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New Law Boosts Early Childhood Education

Early Childhood Education has been included in the rewrite of No Child Left Behind Act.

According to the U.S. Department of Education every $1 invested in quality early education saves taxpayers an average of $7 in future costs by reducing remedial education needs. Children who attend early learning programs do better on math and reading assessments, are less likely to need special education services and are more likely to graduate from high school than children who do not. This is important to note because last Thursday President Obama signed the Every Student Succeeds Act into law, calling it a “Christmas Miracle.” This law is the start of a new approach to accountability and the way poorly performing schools are pushed to improve. For the first time, The education law also includes dedicated funding for early education.

President Barack Obama talks with kids attending a Let's Move! tennis clinic on the South Lawn of the White House, Aug. 3, 2010.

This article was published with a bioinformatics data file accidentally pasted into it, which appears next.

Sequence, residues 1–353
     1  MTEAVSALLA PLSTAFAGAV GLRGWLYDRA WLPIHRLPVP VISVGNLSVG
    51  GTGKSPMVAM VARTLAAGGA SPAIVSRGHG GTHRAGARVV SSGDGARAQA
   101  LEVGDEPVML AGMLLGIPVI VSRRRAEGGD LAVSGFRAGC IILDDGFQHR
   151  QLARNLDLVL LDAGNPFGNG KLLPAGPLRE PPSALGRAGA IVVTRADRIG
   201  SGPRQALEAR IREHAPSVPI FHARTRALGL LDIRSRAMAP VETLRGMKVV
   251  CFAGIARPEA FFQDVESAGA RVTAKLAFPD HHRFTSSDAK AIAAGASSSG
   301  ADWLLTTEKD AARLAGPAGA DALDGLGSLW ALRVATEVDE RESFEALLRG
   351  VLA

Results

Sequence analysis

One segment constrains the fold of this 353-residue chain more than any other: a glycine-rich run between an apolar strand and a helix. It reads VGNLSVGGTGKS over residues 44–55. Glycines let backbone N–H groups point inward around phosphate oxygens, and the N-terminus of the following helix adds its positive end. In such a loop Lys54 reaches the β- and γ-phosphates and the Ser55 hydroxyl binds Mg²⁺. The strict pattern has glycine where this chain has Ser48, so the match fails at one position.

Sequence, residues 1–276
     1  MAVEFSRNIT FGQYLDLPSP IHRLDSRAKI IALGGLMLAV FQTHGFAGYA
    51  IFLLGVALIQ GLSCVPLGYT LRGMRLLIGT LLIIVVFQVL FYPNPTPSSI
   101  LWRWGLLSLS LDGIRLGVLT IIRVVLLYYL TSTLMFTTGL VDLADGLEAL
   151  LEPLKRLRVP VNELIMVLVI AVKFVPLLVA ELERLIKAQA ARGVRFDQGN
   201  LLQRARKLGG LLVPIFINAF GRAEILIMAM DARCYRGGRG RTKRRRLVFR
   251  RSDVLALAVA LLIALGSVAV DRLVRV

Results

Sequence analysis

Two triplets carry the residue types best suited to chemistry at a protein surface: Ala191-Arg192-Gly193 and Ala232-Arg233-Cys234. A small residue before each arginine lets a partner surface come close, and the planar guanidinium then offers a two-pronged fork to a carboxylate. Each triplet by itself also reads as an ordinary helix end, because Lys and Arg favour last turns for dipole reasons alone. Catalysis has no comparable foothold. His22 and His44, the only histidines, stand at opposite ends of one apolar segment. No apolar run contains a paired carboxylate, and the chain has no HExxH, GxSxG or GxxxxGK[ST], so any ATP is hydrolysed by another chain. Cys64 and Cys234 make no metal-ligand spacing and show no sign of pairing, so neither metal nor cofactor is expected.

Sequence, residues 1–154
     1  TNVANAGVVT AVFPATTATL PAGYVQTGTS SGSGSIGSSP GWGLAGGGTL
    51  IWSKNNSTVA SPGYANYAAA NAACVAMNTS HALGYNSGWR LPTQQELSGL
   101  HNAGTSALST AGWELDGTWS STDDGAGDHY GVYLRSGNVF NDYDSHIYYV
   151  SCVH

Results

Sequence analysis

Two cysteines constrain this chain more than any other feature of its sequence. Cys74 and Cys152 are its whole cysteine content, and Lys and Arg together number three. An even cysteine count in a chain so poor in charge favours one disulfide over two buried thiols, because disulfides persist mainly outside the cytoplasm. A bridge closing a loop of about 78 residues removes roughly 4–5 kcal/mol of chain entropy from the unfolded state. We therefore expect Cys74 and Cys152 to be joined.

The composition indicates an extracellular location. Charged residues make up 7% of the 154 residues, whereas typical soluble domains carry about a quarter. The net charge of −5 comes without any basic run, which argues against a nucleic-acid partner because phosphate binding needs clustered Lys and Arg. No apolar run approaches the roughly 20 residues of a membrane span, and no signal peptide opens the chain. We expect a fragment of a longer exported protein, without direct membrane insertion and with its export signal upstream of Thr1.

Senator Patty Murray, a former preschool teacher, helped rewrite the No Child Left Behind Act and was fundamental in the passing of this law. Senator Murray said she would only agree to work to pass a bill if it expanded access to preschool programs. She was overwhelmingly positive about the fact Early Learning was eventually included.

“For the first time ever, our federal education law will recognize the importance of early learning with the grant program that we have put in place. It’s a very good beginning step for our nation”

The No Child Left Behind act  did not include early education at all, so this is an important move forward for American education. Hopefully this will ensure there is no longer a “one size fits all” approach to education in America’s classrooms. Obama noted this process as an “example of how bipartisanship should work,” seeing that usual opposing sides had compromised on this deal. “That’s something that you don’t always see here in Washington,” Obama said. “There wasn’t a lot of grandstanding, a lot of posturing, just a lot of good, hard work.”


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